Dog Days

There's no place like ancient Rome—except for sweltering modern-day New York City

When I explain that I've written a book about ancient Rome, people always ask about the research. Did I scour the remotest ruins of Italy, like some bespectacled Harrison Ford? Or did I visit the Cinecitt film studios, where they've been shooting Rome, the raunchy new HBO series that promises to be Deadwood with togas? Well, yes. But to capture the fabric of ancient life, I didn't really have to leave home.

The ideal place to be writing about imperial Rome, from an imaginative point of view, is right here in New York.

In fact, every time I wake up in my cramped East Village apartment, all I have to do is squint and I might as well be back in the Subura, Rome's feistiest neighborhood in the days of the Caesars. The Subura (nobody knows where the name comes from) was the original gritty downtown: Located conveniently close to the Forum, it was jammed full of tenement houses, each six stories high, called insulae or "islands," and broken into rental apartments that were touchingly familiar—notorious, one historian says, for "the fragility of their construction, the scantiness of their furniture, insufficient light and heat, and the absence of sanitation." In those days, harassed Roman tenants would climb 200 steps to their top-floor garrets, whose walls were so thin they could overhear the most intimate sounds of their neighbors (and this before stereos). They battled rapacious landlords, who ignored the most basic building repairs: "The agents propped up a tottering wall," notes one historian, "or painted a huge (ceiling) rift over, and assured the occupants that they could sleep at their ease, all the time that their home was crumbling over their heads." Adding insult to injury, they paid extortionate prices for the privilege:

"Ever-rising rent was a subject of eternal lamentation in Roman literature," notes the French historian Jérome Carcopino of the brutal real estate market.

We know all this because back in the first and second centuries AD the Subura was full of impoverished Roman writers like Juvenal and Martial, bitching about their tiny apartments and the indignities of their impecunious lives—and surprise, surprise, it doesn't take a huge historical leap to get inside their heads.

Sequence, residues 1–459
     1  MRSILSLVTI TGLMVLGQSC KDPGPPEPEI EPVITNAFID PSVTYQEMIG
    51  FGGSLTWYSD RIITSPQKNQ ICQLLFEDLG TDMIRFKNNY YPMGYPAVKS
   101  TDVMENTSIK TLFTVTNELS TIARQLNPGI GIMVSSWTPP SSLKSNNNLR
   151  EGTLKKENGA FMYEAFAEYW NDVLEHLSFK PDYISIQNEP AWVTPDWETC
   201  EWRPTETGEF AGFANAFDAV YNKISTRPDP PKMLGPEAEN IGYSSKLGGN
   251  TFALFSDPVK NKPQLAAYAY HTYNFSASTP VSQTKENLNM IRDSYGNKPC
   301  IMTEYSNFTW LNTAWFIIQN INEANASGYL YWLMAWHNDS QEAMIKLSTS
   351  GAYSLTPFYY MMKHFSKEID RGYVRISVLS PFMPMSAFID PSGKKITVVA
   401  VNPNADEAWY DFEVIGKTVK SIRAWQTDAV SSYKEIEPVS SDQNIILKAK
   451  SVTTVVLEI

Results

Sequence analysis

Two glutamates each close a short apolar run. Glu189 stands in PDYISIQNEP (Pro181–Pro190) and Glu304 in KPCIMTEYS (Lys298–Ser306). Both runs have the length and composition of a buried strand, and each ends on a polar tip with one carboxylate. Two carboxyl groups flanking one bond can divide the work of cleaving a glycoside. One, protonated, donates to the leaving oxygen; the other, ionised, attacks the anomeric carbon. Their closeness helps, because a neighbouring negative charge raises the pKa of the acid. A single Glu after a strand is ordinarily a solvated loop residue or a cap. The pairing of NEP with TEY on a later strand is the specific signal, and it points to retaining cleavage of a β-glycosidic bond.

Just listening to my beloved 10th Street cacophony every morning puts me at one with the ancients: "Insomnia is the main cause of death in Rome," ranted Juvenal. "Show me the apartment that lets you sleep!" Of course, instead of sirens and car alarms, the Romans were driven mad by the shrieks of street vendors and bells from pagan rituals. The night traffic was deafening: Axle grease was rarely used in ancient times, so the high-pitched squeal of wagon wheels grinding through the narrow streets was as piercing as the brakes on New York's garbage trucks.

Whenever I make my way downstairs to the rubbish-strewn sidewalk, I can gather more inspiration about ancient life: Strolling the Subura was once an assault on the senses, weaving through an obstacle course of filth and pushy crowds. ("One man digs an elbow into my side, another a hard pole," wrote Juvenal, "one bangs a beam, another a wine cask, against my skull.") There were serious dangers from above: Rome was a permanent construction site, and you had to look out for falling bricks as well as the fetid slops from chamber pots; whole buildings would regularly collapse, swallowing their unlucky tenants. Today, we New Yorkers still have to keep an eye out for falling scaffolding, pot plants, masonry, or air-conditioners—although even the Romans would have been appalled at the scale of the Henry Hudson Parkway collapse last May.

Squalid as it could be, the Subura lured aristocrats slumming on bar crawls and even became home to some of the bohemian Roman rich, whose palatial villas the author Pliny the Elder once compared to "the mad schemes of kings." As for me, I walk every day past the glittering new Astor Place Tower, boasting a price tag of up to $12 million an apartment. "Where has the purse of greed yawned wider?" asked Juvenal, wondering why the Romans had set up no altars to Mammon, the pagan god of wealth.

It's comforting to know that I'm part of a great tradition.


The parallels make perfect sense: New York and imperial Rome are really alter egos, the twin icons of Western urban life, and the two places that have most defined our idea of what a city can be. The metaphors used for both are interchangeable—especially those from the mythic Rome of the second century AD, and the heroic New York of the early 20th century. Like that of New York, the scale of the classical city once astonished the world: Over a million people were squeezed in there, a population density that would not be matched until industrial-age Manhattan. Ancient Rome was the world's first great immigrant metropolis. It enjoyed a casual street democracy, since rich and poor were thrown together cheek by jowl (and those tiny Roman apartments had no kitchens, so everyone ate at fast-food stalls). It had an enduring reputation for crime—"Only a fool accepts a dinner invitation without first making out his will," Juvenal wrote, of walking Rome's streets after dark—and it was a notorious cauldron of vice, "a meeting place for all that is shameful and degraded," wrote Tacitus. (This may sound like Pat Buchanan denouncing Howard Stern, but in a nice historical twist, it was actually an attack on the new cult of Christianity, which was regarded as secretive and perverse).

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